Notes on Invisible and Unpaid Labor 

I regularly think about invisible labor and unpaid labor–it’s everywhere. 

For invisible labor: We don’t see the people who empty our office trash cans. We don’t know the people who pick our fruits and vegetables and who deliver them to our local stores. What if grocery stores had a picture of who picked our fruit on the packaging? On the opposite side, invisible labor also applies to whatever it is CEOs do and other people who make enough money for life in 2019! 

For unpaid labor: The vast majority of professors in the United States are not paid for office hours, for planning, for grading, for answering emails, for attending meetings, or for mentoring: They are only paid for the 45 or so hours in the classroom face-to-face with students. Such unpaid labor, totaling in the thousands of hours per year per professor, often goes unacknowledged or unnoticed by the institution despite its importance and partial visibility to students.  

An example I recently learned about is “aesthetic labor” (see, Invisible Labor: Hidden Work in the Contemporary World). Have you considered the time and the cost–the invisible and unpaid labor–society generally expects of people who have a job? People are expected to uphold certain grooming standards. Women are generally expected to shave any visible hair other than hair on their head (excluding the face) and to wear conventional makeup. Frequently, employers also require a certain type of clothing–be it very casual or very formal, very fitted or otherwise. All of this is invisible and unpaid labor expected by companies and/or customers. Employers want their subjects to appear “pleasing” to customers. Body type/shape is policed at some businesses, as well. 

And then there is “emotional labor” as another important type of invisible and unpaid work. This is relevant in all jobs. People have bad days. A boss psychologically abuses them. A customer (or patient, or student) physically attacks them. Work–whether good or bad, whether fun or stressful–takes emotional tolls on people. Don’t you feel bad for the people who do road and bridge construction? They are directly in the middle of exhaust from hundreds and thousands of vehicles, as are workers at fast food establishments who take your order face-to-face in the drive-thru. People have their de-stressing techniques. Such emotional labor might include seeing a professional therapist, taking a hot bubble bath, or talking to loved ones. And don’t forget the therapists and educators who are vulnerable to Secondary Traumatic Stress from caring about and listening to the difficulties other people face.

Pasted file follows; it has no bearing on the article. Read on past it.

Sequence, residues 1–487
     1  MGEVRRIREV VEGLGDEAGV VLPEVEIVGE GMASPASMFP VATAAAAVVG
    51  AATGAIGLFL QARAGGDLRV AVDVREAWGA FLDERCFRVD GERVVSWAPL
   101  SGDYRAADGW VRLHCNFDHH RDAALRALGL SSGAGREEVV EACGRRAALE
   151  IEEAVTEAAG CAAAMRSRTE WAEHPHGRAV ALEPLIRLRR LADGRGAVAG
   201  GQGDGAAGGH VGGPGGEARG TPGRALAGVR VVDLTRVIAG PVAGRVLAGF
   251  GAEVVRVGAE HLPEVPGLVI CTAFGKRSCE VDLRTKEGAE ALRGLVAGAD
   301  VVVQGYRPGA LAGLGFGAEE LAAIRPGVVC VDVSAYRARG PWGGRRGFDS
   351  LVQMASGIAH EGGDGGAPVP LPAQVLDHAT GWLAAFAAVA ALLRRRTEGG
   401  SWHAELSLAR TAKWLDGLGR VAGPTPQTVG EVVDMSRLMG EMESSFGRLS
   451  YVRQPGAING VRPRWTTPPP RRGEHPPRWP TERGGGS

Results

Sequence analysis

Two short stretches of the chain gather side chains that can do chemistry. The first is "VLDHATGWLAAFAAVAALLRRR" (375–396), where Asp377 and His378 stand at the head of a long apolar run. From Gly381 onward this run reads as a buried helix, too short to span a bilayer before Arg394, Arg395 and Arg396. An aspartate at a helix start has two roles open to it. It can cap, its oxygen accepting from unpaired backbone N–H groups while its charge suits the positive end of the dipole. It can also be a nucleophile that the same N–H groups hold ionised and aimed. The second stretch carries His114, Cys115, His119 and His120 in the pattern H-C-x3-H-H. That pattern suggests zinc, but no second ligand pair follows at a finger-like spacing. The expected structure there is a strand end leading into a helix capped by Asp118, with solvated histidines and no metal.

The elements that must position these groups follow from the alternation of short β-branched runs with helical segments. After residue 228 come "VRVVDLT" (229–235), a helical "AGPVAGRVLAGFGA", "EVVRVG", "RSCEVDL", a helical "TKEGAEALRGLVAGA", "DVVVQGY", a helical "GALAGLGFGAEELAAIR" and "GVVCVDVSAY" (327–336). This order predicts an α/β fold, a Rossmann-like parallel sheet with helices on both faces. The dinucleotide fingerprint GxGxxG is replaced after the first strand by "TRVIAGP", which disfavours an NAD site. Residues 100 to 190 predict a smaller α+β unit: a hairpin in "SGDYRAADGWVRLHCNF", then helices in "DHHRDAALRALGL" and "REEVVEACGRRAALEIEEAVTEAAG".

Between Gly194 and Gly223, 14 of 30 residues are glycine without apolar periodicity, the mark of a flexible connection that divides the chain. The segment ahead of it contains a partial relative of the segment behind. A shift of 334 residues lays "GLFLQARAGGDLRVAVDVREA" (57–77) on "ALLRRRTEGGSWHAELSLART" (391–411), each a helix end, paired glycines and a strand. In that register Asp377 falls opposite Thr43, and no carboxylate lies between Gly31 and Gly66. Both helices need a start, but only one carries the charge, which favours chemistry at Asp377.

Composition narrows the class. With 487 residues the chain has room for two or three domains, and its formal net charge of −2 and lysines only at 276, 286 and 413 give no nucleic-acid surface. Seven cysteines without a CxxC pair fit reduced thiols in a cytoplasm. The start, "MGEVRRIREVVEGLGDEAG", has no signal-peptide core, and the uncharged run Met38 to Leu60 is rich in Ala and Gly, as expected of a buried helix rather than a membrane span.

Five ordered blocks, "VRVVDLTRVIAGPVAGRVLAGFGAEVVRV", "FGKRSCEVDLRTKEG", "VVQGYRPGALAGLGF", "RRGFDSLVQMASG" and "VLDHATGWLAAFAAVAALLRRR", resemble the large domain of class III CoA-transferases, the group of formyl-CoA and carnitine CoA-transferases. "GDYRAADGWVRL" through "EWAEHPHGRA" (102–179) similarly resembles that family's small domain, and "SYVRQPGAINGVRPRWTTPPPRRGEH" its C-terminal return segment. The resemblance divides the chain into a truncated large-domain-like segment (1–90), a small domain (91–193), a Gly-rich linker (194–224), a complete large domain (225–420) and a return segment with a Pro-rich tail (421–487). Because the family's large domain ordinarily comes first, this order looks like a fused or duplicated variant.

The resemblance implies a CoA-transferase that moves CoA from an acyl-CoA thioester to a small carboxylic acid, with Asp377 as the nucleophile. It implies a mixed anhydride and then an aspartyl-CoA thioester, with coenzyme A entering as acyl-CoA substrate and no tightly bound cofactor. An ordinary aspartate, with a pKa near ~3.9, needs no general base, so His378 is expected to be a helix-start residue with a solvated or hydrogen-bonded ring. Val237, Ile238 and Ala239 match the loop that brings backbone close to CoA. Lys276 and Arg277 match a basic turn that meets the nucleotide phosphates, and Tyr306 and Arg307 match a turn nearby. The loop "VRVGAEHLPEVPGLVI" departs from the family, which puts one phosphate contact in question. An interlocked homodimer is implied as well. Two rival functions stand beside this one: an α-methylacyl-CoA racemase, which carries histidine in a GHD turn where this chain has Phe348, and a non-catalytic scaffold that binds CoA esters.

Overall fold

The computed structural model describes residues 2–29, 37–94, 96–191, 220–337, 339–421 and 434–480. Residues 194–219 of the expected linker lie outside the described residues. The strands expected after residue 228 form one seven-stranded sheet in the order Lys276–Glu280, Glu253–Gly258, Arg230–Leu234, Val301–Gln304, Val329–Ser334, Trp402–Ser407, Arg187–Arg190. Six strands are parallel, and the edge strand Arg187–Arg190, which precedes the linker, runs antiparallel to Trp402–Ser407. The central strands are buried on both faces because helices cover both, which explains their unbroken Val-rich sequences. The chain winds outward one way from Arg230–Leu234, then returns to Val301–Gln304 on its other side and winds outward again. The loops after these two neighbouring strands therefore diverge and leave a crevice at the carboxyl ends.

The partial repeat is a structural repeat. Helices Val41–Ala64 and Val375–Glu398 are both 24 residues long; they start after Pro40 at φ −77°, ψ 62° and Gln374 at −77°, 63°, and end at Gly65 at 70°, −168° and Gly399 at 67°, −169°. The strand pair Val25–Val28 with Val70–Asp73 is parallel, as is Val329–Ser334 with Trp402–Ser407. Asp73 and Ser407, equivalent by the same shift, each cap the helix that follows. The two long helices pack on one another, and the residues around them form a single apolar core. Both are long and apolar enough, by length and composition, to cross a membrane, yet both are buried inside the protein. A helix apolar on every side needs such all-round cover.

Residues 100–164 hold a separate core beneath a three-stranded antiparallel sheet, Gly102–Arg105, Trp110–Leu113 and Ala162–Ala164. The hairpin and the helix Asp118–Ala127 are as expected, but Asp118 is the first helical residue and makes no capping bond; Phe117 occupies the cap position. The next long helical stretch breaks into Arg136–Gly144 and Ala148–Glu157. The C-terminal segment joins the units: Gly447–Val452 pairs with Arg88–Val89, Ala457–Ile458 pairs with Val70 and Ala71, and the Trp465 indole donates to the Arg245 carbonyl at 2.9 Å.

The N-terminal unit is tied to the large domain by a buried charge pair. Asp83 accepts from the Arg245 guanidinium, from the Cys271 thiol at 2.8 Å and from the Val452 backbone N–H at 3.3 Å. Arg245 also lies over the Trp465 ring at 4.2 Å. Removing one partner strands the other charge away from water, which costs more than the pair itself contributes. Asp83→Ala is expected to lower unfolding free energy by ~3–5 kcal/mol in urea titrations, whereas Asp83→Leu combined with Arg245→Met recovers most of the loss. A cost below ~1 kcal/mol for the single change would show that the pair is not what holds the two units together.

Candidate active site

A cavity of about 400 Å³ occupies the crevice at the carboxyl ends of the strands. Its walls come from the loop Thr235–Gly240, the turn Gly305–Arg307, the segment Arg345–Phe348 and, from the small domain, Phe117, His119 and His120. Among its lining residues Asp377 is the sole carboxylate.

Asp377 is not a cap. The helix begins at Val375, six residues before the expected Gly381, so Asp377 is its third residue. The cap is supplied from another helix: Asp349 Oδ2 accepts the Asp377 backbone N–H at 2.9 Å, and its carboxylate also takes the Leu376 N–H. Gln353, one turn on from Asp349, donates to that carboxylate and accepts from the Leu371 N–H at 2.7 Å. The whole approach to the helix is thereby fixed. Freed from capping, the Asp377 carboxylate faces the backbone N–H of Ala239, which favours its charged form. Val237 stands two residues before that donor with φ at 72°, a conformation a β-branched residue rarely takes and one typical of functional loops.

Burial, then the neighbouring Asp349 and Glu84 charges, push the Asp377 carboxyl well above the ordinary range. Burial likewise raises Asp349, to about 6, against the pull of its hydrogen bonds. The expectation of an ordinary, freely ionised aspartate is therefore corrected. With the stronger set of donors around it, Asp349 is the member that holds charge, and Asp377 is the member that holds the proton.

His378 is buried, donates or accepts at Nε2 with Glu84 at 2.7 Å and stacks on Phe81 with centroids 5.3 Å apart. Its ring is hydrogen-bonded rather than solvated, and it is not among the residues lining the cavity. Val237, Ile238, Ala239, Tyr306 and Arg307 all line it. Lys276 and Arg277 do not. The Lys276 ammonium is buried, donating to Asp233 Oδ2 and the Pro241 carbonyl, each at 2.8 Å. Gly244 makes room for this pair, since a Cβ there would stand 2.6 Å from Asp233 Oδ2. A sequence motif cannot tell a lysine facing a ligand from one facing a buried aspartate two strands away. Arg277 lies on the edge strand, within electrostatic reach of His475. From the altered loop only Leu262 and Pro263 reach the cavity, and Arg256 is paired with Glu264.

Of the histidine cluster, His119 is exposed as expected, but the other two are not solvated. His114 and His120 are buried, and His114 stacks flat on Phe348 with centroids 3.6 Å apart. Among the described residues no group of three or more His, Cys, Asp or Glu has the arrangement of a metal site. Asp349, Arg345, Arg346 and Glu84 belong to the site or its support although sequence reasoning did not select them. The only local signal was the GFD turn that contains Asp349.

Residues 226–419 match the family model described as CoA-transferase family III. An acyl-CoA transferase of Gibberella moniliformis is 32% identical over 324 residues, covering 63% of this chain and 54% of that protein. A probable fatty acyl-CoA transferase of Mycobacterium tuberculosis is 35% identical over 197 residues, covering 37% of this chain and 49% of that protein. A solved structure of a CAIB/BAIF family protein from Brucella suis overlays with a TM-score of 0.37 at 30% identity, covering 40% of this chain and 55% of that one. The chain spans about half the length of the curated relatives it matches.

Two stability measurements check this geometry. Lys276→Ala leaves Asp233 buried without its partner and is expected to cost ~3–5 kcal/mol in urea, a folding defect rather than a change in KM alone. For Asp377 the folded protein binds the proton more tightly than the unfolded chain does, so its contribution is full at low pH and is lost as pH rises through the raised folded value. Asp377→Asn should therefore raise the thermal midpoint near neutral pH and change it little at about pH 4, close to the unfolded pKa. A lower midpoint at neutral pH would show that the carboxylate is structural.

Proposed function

As much as people can, people need to demand visibility and demand compensation. 

What labor do you perform that is invisible to others? What types of invisible labor do you know about? What labor do you perform for which you are not paid (and should be paid!)? How might businesses incorporate invisible labor into their employees’ paychecks?

Dr. Andrew Joseph Pegoda

Categories: Thoughts and Perspectives

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4 replies

  1. I became aware of the invisible people who take care of the needy at food banks. Texas seems to be divided up into regional main food banks which distribute food to local agencies, which are generally called “food banks,” too. The regional food banks do a variety of things, like take in donations and redistribute to the local food banks, supply non-food items, fund-raise, and even grow food in local “gardens.” They direct an army of volunteers to do this work. I am amazed and pleased at the large number of young people involved with it. Most are in their 20s. They could have gone to Dallas, Houston, San Antonio, Austin and gotten some decently well-paid jobs. But that would mean leaving families behind from 8-16 hours drive away. Instead they work at jobs earning well below $30,000 per year and donate time to these food banks. I strongly suspect that most have no jobs because of the daytime hours they put into these regional centers. Usually there are only seniors staffing local food banks.